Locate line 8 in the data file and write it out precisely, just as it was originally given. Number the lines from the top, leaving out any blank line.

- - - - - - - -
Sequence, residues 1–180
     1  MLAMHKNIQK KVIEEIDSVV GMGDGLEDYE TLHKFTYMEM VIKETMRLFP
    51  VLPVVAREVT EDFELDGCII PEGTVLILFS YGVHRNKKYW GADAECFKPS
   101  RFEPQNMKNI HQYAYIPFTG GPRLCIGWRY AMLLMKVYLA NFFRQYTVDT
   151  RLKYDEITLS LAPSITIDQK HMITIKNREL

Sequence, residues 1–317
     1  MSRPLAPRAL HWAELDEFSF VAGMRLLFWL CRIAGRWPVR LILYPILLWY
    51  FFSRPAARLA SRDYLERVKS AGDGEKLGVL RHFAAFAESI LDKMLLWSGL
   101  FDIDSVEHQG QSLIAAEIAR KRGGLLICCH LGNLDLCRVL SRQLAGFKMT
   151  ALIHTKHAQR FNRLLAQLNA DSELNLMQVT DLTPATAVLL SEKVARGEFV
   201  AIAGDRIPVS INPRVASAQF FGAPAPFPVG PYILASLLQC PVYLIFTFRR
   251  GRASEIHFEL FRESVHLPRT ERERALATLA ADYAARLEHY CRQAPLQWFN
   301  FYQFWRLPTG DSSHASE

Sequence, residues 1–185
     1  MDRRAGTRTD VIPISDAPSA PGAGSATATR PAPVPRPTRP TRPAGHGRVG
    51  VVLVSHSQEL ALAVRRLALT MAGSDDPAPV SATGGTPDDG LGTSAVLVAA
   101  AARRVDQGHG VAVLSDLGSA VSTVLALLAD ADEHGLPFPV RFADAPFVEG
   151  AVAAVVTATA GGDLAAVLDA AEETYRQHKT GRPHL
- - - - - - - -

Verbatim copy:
    51  FFSRPAARLA SRDYLERVKS AGDGEKLGVL RHFAAFAESI LDKMLLWSGL